If we do not pass amendment 6, we will be giving local authorities no flexibility and we will most certainly not be putting the interests of families and children first.

Photo of Murray Tosh Murray Tosh Conservative

The question is, that amendment 6 be agreed to. Are we all agreed?

Members:

No.

Division number 9

For: Aitken, Bill, Alexander, Ms Wendy, Baillie, Jackie, Brankin, Rhona, Brown, Robert, Butler, Bill, Chisholm, Malcolm, Craigie, Cathie, Curran, Ms Margaret, Deacon, Susan, Douglas-Hamilton, Lord James, Eadie, Helen, Ferguson, Patricia, Finnie, Ross, Fraser, Murdo, Gallie, Phil, Godman, Trish, Goldie, Miss Annabel, Gorrie, Donald, Grant, Rhoda, Gray, Iain, Harding, Mr Keith, Harper, Robin, Henry, Hugh, Home Robertson, Mr John, Hughes, Janis, Jackson, Dr Sylvia, Jackson, Gordon, Jamieson, Margaret, Jenkins, Ian, Johnstone, Alex, Lamont, Johann, Livingstone, Marilyn, Macdonald, Lewis, MacDonald, Margo, Macintosh, Mr Kenneth, MacKay, Angus, Maclean, Kate, Macmillan, Maureen, Martin, Paul, McAllion, Mr John, McAveety, Mr Frank, McCabe, Mr Tom, McIntosh, Mrs Lyndsay, McLeish, Henry, McMahon, Michael, McNeil, Mr Duncan, McNeill, Pauline, McNulty, Des, Monteith, Mr Brian, Morrison, Mr Alasdair, Muldoon, Bristow, Mulligan, Mrs Mary, Mundell, David, Munro, John Farquhar, Murray, Dr Elaine, Oldfather, Irene, Peacock, Peter, Peattie, Cathy, Radcliffe, Nora, Raffan, Mr Keith, Robson, Euan, Rumbles, Mr Mike, Scott, John, Scott, Tavish, Simpson, Dr Richard, Smith, Elaine, Smith, Iain, Smith, Mrs Margaret, Stone, Mr Jamie, Thomson, Elaine, Tosh, Mr Murray, Wallace, Mr Jim, Whitefield, Karen, Wilson, Allan, Young, John
Against: Adam, Brian, Campbell, Colin, Canavan, Dennis, Cunningham, Roseanna, Ewing, Dr Winnie, Ewing, Mrs Margaret, Fabiani, Linda, Gibson, Mr Kenneth, Grahame, Christine, Hyslop, Fiona, Lochhead, Richard, MacAskill, Mr Kenny, Matheson, Michael, McGugan, Irene, McLeod, Fiona, Neil, Alex, Paterson, Mr Gil, Robison, Shona, Russell, Michael, Sheridan, Tommy, Stevenson, Stewart, Swinney, Mr John, Ullrich, Kay, Welsh, Mr Andrew, White, Ms Sandra

Photo of Murray Tosh Murray Tosh Conservative

The result of the division is: For 76, Against 25, Abstentions 0.

Amendment 6 agreed to.

Amendment 16 moved—[Karen Whitefield].

Photo of Murray Tosh Murray Tosh Conservative

The question is, that amendment 16 be agreed to. Are we all agreed?

Members:

No.

Division number 10

For: Aitken, Bill, Alexander, Ms Wendy, Baillie, Jackie, Brankin, Rhona, Brown, Robert, Butler, Bill, Chisholm, Malcolm, Craigie, Cathie, Curran, Ms Margaret, Deacon, Susan, Douglas-Hamilton, Lord James, Eadie, Helen, Ferguson, Patricia, Finnie, Ross, Fraser, Murdo, Gallie, Phil, Godman, Trish, Goldie, Miss Annabel, Gorrie, Donald, Grant, Rhoda, Gray, Iain, Harding, Mr Keith, Harper, Robin, Henry, Hugh, Home Robertson, Mr John, Hughes, Janis, Jackson, Dr Sylvia, Jackson, Gordon, Jamieson, Margaret, Jenkins, Ian, Johnstone, Alex, Lamont, Johann, Livingstone, Marilyn, Lyon, George, Macdonald, Lewis, MacDonald, Margo, Macintosh, Mr Kenneth, MacKay, Angus, Maclean, Kate, Macmillan, Maureen, Martin, Paul, McAllion, Mr John, McAveety, Mr Frank, McCabe, Mr Tom, McIntosh, Mrs Lyndsay, McLeish, Henry, McMahon, Michael, McNeil, Mr Duncan, McNeill, Pauline, McNulty, Des, Monteith, Mr Brian, Morrison, Mr Alasdair, Muldoon, Bristow, Mulligan, Mrs Mary, Mundell, David, Munro, John Farquhar, Murray, Dr Elaine, Oldfather, Irene, Peacock, Peter, Peattie, Cathy, Radcliffe, Nora, Raffan, Mr Keith, Robson, Euan, Rumbles, Mr Mike, Scott, John, Scott, Tavish, Simpson, Dr Richard, Smith, Elaine, Smith, Iain, Smith, Mrs Margaret, Stone, Mr Jamie, Thomson, Elaine, Tosh, Mr Murray, Wallace, Mr Jim, Whitefield, Karen, Wilson, Allan, Young, John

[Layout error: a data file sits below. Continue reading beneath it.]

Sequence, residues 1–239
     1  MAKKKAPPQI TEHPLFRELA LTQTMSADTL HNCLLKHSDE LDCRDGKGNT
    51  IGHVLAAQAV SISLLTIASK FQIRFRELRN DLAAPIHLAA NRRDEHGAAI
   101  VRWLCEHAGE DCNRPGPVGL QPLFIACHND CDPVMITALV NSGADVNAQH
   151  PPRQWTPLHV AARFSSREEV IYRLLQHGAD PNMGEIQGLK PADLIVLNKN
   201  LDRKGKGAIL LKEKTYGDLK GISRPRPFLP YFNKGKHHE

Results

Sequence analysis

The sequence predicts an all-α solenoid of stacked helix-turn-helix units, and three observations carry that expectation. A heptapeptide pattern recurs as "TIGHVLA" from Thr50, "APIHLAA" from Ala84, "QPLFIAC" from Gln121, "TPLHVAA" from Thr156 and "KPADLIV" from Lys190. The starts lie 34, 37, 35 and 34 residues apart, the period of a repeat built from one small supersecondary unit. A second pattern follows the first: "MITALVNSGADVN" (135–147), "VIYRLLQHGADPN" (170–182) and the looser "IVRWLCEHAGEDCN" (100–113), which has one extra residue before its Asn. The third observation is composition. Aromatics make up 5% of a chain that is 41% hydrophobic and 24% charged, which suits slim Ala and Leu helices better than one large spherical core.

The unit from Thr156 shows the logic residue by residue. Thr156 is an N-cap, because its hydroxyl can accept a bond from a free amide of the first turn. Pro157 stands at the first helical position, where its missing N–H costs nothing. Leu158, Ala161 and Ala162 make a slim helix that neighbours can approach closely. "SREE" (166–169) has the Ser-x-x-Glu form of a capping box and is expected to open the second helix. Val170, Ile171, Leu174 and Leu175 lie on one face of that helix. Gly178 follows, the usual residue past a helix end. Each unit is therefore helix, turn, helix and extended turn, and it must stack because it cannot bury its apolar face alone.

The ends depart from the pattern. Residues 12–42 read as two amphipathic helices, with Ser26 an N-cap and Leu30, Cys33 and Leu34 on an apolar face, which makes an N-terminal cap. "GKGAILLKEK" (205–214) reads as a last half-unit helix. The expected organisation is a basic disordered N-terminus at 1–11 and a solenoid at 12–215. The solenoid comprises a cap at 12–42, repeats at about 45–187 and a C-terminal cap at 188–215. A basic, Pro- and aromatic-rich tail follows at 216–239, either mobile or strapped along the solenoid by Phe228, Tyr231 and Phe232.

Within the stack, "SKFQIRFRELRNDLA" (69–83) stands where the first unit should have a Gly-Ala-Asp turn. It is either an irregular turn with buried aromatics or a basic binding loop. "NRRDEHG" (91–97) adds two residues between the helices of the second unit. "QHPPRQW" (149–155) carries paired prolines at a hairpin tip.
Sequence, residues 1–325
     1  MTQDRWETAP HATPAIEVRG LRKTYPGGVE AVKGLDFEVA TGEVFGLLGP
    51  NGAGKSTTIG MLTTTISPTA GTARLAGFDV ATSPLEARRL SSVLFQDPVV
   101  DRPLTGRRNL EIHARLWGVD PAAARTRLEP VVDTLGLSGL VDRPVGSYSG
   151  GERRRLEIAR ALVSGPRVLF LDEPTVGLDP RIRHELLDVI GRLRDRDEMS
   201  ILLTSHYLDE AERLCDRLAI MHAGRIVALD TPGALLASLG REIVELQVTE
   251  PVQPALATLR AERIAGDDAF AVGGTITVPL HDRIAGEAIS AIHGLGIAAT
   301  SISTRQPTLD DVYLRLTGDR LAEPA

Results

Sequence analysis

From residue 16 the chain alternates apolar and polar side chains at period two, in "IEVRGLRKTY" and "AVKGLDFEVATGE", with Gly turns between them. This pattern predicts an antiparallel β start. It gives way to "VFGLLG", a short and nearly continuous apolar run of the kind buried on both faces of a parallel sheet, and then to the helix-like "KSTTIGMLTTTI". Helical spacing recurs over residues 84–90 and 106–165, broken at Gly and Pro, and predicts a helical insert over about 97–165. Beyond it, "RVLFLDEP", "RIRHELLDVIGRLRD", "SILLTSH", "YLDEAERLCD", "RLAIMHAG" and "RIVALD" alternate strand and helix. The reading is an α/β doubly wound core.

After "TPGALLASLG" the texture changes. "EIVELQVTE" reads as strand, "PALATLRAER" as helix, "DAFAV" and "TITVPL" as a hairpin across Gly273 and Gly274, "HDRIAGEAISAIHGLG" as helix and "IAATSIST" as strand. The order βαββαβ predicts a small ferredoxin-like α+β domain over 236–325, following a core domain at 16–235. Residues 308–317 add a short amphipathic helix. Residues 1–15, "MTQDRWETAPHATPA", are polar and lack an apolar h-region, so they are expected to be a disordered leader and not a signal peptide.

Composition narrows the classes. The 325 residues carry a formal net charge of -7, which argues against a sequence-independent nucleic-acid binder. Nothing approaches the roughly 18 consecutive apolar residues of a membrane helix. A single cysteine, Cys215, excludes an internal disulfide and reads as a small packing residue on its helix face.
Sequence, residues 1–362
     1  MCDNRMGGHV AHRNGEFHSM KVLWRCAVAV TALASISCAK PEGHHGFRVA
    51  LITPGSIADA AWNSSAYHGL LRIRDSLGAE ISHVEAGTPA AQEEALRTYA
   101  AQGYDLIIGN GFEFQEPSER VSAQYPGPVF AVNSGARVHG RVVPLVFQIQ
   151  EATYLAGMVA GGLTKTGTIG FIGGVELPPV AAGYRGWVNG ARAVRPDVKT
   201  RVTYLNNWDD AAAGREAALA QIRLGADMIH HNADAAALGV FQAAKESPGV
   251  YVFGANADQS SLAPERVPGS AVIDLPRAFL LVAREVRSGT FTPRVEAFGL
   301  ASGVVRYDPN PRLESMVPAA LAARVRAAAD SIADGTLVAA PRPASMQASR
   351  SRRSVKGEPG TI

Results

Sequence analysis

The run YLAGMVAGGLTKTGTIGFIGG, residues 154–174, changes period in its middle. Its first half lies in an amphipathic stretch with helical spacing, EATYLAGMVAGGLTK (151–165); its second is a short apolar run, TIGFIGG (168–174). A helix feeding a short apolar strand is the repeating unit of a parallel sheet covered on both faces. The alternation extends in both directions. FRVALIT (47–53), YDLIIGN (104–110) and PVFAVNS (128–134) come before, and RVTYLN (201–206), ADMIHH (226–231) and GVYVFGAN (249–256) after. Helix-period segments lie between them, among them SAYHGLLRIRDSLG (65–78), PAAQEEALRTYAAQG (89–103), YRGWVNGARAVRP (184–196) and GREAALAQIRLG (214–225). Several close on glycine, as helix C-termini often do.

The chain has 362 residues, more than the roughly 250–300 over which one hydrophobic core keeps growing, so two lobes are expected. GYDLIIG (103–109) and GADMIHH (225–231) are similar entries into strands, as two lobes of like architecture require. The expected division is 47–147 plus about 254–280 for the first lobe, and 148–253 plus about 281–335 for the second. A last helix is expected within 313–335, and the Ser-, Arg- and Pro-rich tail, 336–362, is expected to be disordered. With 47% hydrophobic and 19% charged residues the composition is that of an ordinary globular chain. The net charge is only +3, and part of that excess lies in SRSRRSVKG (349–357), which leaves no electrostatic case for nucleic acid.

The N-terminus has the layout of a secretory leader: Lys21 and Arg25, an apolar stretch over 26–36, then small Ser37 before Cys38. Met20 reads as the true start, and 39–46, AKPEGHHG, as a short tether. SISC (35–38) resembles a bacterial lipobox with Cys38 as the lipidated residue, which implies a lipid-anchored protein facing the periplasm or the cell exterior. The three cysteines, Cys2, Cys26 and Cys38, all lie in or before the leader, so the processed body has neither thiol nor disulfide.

Against: Adam, Brian, Campbell, Colin, Canavan, Dennis, Cunningham, Roseanna, Ewing, Dr Winnie, Ewing, Mrs Margaret, Fabiani, Linda, Gibson, Mr Kenneth, Grahame, Christine, Hyslop, Fiona, Lochhead, Richard, MacAskill, Mr Kenny, Matheson, Michael, McGugan, Irene, McLeod, Fiona, Neil, Alex, Paterson, Mr Gil, Robison, Shona, Russell, Michael, Sheridan, Tommy, Stevenson, Stewart, Swinney, Mr John, Ullrich, Kay, Welsh, Mr Andrew, White, Ms Sandra

Photo of Murray Tosh Murray Tosh Conservative

The result of the division is: For 77, Against 25, Abstentions 0.

Amendment 16 agreed to.